Hello everyone! Sorry it’s been awhile, but I’ve been quite busy. I’m writing this in my hotel winding down from two weeks of delivering my Mission Critical SQL Server class in both Melbourne and Sydney here in Australia. I fly back in just over 12 hours. The past month or so has been a whirlwind starting with PASS Summit 2013. For my trials and tribulations with what happened there, see my previous blog post. But what all of this means is I’ve basically been on the road (except for about three or four days) over the past month or so. It is just now I’m starting to reflect on everything since I’ve had a moment to breathe.
As some of you may have heard, the Summit scores were released to speakers today. No, I was not top 10 but my scores were definitely up from last year (yay), and given my trials and tribulations (see said blog post mentioned above), that’s no mean feat. Both of my talks could have been disasters – and they were not. Less than one point separated 200 or so sessions, so the margin of error between top of the pack and towards the bottom was very small. That also says with most people scoring a 4 or above, the quality of presentations and speakers has gone up immensely over the past few years. I consider that a good thing.
Looking at my pre-con (Plan and Deploy Successful Clustered Solutions for SQL Server), I felt the scores were very fair (all above 4) and the highest one was 4.72 (“How would you rate the speaker’s knowledge of the subject?”). It was a very Windows-centric talk (and I advertised it that way) but with a SQL Server slant which I think hurt me (comments like “I learned a lot but I was expecting more SQL.”). Love some of the comments (“Allan is enthusiastic and very clear in his explanations.”; “There’s a reason you’re a cluster MVP. You know your stuff…thanks for sharing the knowledge!”;”Allan is a great presenter. I hope he is asked to speak in the future. “), but I felt some of the criticisms of the content (basically, I tried to cram too much in one day which led to a few time management) were also fair. If I do another pre-con, I’m going to go more deep than wide. Some things I couldn’t control (“Improve the sound quality”), and some things I never really said I’d cover (“I wanted a deeper understanding of clusters. This season [sic] spent to much time reviewing basics and corporate politics and not enough time in the deeper aspects of clusters”) – it was never advertised as a WSFC internals class. Always interesting to read the comments and I do pay attention.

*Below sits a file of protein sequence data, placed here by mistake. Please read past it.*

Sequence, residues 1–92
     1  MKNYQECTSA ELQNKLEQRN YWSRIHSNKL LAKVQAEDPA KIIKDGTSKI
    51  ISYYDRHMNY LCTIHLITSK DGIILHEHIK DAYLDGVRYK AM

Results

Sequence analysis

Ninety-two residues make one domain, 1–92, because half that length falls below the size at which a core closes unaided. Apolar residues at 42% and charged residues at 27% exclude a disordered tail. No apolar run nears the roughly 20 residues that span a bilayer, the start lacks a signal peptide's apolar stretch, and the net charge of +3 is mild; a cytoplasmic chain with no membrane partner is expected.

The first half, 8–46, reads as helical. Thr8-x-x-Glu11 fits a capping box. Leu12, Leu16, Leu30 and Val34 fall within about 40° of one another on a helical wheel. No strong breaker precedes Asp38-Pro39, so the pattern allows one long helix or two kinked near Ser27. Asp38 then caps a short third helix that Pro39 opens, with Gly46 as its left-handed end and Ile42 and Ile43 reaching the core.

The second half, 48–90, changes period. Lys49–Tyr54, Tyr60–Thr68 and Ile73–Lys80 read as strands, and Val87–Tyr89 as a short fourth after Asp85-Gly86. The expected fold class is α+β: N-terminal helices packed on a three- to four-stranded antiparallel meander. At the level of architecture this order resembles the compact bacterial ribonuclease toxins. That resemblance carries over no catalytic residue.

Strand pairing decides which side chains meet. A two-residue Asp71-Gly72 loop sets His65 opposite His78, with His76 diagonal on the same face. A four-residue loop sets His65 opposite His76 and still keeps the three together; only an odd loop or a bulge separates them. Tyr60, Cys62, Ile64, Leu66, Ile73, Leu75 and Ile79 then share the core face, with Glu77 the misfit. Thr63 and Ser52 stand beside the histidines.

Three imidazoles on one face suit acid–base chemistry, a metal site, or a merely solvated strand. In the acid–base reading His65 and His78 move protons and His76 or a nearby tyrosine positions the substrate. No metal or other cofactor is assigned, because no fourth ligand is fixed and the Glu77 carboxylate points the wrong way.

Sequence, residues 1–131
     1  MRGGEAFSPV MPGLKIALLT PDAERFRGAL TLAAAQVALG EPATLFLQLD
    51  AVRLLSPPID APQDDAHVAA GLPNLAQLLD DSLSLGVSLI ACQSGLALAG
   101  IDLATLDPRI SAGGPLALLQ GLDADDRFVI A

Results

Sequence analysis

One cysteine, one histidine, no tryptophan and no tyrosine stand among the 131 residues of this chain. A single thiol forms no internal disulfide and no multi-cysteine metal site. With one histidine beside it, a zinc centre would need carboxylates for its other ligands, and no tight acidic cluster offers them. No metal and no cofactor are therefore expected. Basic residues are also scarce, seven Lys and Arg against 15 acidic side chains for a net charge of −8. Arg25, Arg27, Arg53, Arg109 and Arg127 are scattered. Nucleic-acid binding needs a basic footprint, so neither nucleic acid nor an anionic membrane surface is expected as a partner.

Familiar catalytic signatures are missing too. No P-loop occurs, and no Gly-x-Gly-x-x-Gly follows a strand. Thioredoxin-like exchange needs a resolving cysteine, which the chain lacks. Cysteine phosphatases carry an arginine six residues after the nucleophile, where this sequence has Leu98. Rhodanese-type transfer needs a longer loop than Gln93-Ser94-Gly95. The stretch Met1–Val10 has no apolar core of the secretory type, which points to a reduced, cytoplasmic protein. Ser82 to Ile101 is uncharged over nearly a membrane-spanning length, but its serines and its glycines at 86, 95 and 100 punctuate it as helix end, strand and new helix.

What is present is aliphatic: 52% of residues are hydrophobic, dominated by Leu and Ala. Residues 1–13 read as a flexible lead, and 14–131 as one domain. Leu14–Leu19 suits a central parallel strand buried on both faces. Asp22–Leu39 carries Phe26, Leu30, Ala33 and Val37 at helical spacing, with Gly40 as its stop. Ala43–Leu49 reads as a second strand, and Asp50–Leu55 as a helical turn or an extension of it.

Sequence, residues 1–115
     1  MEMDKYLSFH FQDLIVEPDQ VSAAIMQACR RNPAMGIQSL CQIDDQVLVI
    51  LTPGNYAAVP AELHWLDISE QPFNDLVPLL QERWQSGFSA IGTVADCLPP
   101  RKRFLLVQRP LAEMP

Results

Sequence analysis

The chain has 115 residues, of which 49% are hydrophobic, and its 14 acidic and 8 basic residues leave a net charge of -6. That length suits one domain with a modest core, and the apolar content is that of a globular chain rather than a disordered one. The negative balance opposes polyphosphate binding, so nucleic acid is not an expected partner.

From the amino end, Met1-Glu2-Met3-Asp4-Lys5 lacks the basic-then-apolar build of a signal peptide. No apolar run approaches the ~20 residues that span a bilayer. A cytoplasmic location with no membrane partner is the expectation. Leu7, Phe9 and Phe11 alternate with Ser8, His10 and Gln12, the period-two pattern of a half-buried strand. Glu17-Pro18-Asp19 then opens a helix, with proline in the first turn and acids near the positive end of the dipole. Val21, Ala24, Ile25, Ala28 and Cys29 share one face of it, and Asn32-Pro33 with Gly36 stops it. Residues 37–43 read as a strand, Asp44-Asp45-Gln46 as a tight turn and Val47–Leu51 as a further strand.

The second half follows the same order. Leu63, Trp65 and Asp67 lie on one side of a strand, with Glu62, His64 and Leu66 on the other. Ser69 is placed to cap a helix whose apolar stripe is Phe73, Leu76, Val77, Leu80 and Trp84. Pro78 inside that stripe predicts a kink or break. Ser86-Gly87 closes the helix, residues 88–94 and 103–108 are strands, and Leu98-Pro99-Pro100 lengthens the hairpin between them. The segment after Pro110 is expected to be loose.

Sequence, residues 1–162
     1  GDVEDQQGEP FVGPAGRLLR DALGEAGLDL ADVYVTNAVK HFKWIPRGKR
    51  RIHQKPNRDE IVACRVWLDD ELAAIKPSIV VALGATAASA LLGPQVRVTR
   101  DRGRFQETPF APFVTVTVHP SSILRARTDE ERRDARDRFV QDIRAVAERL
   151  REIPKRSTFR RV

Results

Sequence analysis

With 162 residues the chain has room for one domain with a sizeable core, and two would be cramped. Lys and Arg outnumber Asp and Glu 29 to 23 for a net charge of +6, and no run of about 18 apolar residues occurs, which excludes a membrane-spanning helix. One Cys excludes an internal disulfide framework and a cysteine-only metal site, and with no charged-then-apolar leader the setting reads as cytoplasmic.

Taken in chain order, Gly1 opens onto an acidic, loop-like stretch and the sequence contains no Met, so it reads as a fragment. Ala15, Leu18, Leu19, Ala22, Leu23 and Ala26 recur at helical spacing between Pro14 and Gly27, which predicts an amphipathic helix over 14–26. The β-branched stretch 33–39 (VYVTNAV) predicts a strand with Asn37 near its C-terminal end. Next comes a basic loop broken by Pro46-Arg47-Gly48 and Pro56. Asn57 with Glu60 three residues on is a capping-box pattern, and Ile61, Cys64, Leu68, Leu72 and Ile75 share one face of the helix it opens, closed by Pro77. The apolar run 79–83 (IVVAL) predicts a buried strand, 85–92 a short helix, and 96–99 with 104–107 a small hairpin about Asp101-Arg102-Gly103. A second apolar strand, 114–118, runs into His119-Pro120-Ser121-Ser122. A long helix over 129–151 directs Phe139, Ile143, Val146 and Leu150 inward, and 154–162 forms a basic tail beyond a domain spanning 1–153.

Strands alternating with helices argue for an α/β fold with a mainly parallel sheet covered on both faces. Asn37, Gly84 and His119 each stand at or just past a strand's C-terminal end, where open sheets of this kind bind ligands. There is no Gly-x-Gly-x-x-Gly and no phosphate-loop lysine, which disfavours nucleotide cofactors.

The spotlight session (Troubleshooting Clusters) was a bit of a riskier talk all around (but I did get a 4.93 for “How would you rate the speaker’s knowledge of the subject?”, so clearly I know a thing or two about clusters haha). That one I did say was also very Windows-centric and gave people an out at the beginning. I talked a bit about the non-tech stuff which helps in a troubleshooting effort and a lot about the setup stuff because things like screwing up your AD/CNO/VCO stuff is what causes, say, a lot of Setup failures. But it appears people wanted to see more broken stuff and how to fix that (and part of that is preventing it from happening in the first place!) as well as be more SQL Server – not Windows – centric (which is nearly impossible with AGs and FCIs …). Having done this for so long, I know why people step in deep doo doo with clusters. Someone got what I was going for (“Great session. I agree that a dba really needs to know functions from windows, networking, storage, etc. I see this everyday in my job.”). So did this person (“Cluster issues were well explained. Even for VMs”). But for every one of those, I got one like this (“Did not get much info on troubleshooting ag groups on cluster as described. Lot of time spent on describing where log files are and less on content.”) Because log files (and explaining things like log gaps in the WSFC log) and how to generate them have zero to do with troubleshooting. <rolling eyes> This session is up on PASS TV – I don’t recall spending eons on it. My aforementioned woes bit me a tad more here (“Demos could have been better prepared for us.”), but I didn’t get up there and do a woe is me – I just got on with things. I even got a few comments like “Make room cooler” for good measure. There was plenty of great feedback on how I can tweak this for future deliveries, though.